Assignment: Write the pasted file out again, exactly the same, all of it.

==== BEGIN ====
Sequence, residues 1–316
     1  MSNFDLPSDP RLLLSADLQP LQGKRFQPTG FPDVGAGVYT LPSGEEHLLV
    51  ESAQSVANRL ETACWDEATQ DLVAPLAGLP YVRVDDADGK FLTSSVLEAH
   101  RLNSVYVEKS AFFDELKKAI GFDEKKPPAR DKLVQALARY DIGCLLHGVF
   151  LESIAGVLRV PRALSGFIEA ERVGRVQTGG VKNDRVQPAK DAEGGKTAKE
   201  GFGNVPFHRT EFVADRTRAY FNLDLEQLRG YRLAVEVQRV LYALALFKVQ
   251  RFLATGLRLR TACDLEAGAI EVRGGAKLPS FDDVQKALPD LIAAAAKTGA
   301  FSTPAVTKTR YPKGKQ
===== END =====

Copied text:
Sequence, residues 1–316
     1  MSNFDLPSDP RLLLSADLQP LQGKRFQPTG FPDVGAGVYT LPSGEEHLLV
    51  ESAQSVANRL ETACWDEATQ DLVAPLAGLP YVRVDDADGK FLTSSVLEAH
   101  RLNSVYVEKS AFFDELKKAI GFDEKKPPAR DKLVQALARY DIGCLLHGVF
   151  LESIAGVLRV PRALSGFIEA ERVGRVQTGG VKNDRVQPAK DAEGGKTAKE
   201  GFGNVPFHRT EFVADRTRAY FNLDLEQLRG YRLAVEVQRV LYALALFKVQ
   251  RFLATGLRLR TACDLEAGAI EVRGGAKLPS FDDVQKALPD LIAAAAKTGA
   301  FSTPAVTKTR YPKGKQ